I soar like a bird, weightless. Below me I can see a river rushing through stands of pine trees, and beyond that, snow-capped mountains rise from a green plain. I look up, and the sky is changed. It is green, and blue, and the purple of wild lavender. The colors pulse with the rhythm of a heartbeat. I have never seen anything so strange, but I am not afraid.

Lilia, wake up!

Kai was shaking me, and I roused myself. It was time to bring back the sheep, and I knew I had much to do to prepare for leaving the farm that night. Our walk back was silent, but Kai cast sidelong glances at me, and I had to work hard to ignore the unspoken questions in his blue eyes. I could hardly bear to think of how much I would miss him, and when our hands brushed as we walked, I grabbed his and squeezed it. He grinned at me then, reassured, and I smiled at him.

Back at the farmhouse, we were surprised to see Ylva bustling around the kitchen, looking uncustomarily pleased and contented as she stirred the supper pot. Good smells rose up from the stove. Usually Ylva insisted that plain food was all that a body required, but perhaps in celebration

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4.1
14 ratings / 3 Reviews
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  • (5/5)
    That was one grand adventure! I loved every minute of this book!
  • (3/5)
    Lilia decides to find out who she really is after her nasty stepmother plots to have her marry the gross miller. Together with her friends Kai and Karina they head north to where there are people who look like Lilia. On the way, Kai gets trapped by the Elf King and Lilia promises to return with a rare jewel that is housed in a nearby castle. Will they find the jewel? Will they free Kai? Will Lilia find out who she really is? And what does this have to do with the fairy tale, 'The Princess and the Pea'?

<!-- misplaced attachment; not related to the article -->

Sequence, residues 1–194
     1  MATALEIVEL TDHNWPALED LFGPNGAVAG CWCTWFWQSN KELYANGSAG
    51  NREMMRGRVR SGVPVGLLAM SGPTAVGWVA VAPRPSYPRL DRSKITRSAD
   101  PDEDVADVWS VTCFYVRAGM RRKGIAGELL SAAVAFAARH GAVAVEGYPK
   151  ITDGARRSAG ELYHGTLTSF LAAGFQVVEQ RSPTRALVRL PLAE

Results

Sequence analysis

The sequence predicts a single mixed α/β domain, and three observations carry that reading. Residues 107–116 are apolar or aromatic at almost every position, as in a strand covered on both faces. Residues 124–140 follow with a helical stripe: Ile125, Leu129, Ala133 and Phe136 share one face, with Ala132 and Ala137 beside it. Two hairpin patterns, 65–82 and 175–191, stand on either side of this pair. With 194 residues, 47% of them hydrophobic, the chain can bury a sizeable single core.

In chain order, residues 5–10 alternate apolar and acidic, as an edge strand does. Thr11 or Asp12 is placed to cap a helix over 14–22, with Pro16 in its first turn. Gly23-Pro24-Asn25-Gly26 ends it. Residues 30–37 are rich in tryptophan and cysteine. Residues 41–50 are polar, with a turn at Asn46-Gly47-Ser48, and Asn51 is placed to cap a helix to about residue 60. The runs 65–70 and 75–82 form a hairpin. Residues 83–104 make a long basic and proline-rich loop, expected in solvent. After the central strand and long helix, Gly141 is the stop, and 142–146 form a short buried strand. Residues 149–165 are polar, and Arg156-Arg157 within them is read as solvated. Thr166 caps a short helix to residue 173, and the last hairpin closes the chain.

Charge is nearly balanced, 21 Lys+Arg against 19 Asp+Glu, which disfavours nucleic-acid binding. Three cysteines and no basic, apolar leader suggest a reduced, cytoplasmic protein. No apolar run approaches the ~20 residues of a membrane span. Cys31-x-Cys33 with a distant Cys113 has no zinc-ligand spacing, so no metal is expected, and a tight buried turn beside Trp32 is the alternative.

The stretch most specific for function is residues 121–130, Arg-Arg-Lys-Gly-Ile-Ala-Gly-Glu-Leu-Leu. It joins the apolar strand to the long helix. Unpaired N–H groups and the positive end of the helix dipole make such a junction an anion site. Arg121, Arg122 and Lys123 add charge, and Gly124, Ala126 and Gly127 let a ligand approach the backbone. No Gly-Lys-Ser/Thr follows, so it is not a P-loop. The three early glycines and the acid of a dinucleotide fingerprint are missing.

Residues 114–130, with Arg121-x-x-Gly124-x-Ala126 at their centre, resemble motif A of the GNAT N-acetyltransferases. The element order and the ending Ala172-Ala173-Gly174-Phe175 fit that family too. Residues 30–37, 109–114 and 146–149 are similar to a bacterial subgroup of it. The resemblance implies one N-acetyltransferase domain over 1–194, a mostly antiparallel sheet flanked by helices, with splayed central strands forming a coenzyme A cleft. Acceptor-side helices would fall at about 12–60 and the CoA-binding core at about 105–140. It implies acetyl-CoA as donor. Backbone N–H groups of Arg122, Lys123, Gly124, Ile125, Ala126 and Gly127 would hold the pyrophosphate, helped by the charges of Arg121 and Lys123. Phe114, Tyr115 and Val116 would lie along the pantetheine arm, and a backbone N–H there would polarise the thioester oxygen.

• (4/5)
    When Lilia hears her adoptive father and stepmother planning to send her as a servant to the cruel miller's household, she chooses instead to run away to the north, in the hopes of discovering where she came from when she was floated down the river in a basket as a baby. Before she gets beyond the nearest town, she is joined by her adoptive brother and sister and their sheepdog. The three decide to continue on their way north, but they must face many dangers on the way, including the risk of enchantment as they travel through the forest where the Elf-King and his beautiful daughter live.This retelling of "The Princess and the Pea" is well-paced, with good characterization and a few interesting twists on the original tale. Fans of fairy-tale retellings will welcome Zahler's newest work, and will look forward to what she has to offer in the future.